Instead of this, acknowledging our annoyance, and taking a different approach may transform us as well as the outcome. After all, it is a persistent irritation that results in the pearl.

As Pema Chodron summarizes,

“Nothing ever goes away until it has taught us what we need to know.”

So, how best can we use a ‘stuck situation’ as an opportunity to learn and transform?

If you find yourself struggling with what seems to be a ‘stuck’ situation, find a quiet time and place and then try contemplating on each of the questions below. For at least this short while, set aside all your conclusions about the situation and consider:

  • What if this is life inviting you to grow and evolve in a way and at a pace that you have never experienced before? What would it take for me to be willing to accept such an invitation?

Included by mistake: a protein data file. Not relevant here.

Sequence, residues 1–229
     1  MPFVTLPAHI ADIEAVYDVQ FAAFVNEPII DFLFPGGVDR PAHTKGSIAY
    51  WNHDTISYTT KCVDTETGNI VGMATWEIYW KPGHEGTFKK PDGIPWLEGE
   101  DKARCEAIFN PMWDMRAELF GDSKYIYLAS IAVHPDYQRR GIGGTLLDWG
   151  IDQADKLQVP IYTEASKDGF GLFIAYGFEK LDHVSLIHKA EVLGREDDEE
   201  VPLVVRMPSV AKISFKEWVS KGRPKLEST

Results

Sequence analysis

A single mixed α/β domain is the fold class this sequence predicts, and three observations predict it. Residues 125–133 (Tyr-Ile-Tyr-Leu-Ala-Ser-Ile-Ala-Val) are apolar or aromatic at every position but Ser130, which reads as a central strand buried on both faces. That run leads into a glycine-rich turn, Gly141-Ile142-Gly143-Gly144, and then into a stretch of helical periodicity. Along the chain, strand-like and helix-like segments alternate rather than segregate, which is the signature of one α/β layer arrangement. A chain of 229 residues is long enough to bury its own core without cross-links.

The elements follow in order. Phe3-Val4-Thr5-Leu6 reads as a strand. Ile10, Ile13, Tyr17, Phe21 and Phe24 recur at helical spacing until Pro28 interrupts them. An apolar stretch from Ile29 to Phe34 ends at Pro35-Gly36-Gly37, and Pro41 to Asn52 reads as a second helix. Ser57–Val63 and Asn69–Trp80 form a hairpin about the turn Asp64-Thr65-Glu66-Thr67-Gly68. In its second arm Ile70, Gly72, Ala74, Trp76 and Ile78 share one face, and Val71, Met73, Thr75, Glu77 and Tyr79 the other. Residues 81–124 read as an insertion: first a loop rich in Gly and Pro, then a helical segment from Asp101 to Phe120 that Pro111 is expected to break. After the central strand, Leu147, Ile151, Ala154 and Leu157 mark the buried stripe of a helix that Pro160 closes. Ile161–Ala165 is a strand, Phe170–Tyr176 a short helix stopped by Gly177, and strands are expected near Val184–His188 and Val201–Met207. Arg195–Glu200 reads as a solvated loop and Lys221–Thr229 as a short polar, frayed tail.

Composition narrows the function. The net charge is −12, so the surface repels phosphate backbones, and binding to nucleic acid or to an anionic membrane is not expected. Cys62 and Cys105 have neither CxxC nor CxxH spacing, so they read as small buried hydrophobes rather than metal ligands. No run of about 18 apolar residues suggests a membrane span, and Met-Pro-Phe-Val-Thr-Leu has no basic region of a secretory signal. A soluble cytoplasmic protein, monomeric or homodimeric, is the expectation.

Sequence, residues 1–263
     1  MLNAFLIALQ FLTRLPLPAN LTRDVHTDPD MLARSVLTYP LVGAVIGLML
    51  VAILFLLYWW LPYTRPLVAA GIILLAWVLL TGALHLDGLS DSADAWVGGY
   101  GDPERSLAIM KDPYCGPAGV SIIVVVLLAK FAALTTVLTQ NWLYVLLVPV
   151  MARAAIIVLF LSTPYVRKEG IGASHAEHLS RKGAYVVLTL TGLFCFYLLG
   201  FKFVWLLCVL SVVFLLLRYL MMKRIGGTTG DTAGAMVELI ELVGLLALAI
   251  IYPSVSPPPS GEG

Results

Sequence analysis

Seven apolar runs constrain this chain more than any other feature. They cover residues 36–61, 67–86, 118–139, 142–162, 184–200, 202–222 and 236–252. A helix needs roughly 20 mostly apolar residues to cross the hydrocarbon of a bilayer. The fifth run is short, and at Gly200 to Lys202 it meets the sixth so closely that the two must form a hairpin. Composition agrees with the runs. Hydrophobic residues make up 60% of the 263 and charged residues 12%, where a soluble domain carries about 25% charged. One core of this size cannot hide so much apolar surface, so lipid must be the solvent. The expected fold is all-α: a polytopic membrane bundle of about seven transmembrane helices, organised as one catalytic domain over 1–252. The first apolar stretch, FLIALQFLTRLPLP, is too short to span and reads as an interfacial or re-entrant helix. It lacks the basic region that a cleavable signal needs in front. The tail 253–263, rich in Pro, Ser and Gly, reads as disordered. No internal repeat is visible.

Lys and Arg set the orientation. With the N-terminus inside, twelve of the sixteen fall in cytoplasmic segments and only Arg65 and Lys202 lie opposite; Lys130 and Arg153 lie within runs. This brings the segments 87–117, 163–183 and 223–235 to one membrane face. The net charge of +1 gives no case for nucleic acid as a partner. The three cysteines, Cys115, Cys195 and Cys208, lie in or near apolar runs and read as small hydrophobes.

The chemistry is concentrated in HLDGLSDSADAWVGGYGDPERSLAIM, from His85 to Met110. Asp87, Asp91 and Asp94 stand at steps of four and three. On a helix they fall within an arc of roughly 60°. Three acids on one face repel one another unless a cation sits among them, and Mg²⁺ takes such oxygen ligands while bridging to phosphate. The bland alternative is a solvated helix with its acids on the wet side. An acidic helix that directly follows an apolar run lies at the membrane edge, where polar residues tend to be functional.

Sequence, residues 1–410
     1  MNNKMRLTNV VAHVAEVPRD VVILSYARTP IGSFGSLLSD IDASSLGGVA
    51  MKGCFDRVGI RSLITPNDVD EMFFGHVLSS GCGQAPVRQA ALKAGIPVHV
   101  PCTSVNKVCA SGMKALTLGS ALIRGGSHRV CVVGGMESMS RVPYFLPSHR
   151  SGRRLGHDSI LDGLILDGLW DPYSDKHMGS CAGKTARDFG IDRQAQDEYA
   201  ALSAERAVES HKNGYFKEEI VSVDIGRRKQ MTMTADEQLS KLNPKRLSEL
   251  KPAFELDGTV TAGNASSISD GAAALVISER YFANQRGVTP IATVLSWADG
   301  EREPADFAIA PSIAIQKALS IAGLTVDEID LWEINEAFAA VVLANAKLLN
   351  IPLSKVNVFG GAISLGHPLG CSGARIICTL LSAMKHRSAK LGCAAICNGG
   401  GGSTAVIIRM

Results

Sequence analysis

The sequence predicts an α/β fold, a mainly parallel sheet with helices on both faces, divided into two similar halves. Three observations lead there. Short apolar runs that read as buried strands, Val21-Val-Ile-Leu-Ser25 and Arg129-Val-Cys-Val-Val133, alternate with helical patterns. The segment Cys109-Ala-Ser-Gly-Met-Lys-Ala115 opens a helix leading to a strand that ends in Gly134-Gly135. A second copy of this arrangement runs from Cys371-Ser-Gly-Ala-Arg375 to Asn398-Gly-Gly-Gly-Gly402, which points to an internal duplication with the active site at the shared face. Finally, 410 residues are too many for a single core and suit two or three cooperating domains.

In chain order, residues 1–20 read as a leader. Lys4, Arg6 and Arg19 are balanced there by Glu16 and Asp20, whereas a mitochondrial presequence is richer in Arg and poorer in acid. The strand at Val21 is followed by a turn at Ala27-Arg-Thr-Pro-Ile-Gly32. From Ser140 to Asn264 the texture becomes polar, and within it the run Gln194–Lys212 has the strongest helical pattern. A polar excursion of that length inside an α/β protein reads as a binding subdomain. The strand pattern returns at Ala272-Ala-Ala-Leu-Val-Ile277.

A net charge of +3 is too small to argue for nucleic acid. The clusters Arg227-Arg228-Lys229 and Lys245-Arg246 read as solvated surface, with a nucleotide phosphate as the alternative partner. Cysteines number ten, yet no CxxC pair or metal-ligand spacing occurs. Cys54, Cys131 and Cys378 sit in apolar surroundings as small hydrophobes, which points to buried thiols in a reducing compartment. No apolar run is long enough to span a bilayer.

• What role are you refusing to play that if you accepted would change everything?
  • How are you refusing to be that if you were willing to be would change everything?
  • What quality are you refusing to embody that if you choose to embody would change everything?
  • What are you resisting feeling or experiencing that if you allowed yourself to feel or experience would change everything?
  • Which of your thoughts are you refusing to want to be true?
    • If these are observable facts, what belief of yours do they challenge?
    • What would it take for you to let go of this belief and forgive yourself for holding on to it until now?
    • If it is an opinion or judgment, is it absolutely true?
    • What is it that compels you to insist, defend and perpetuate it?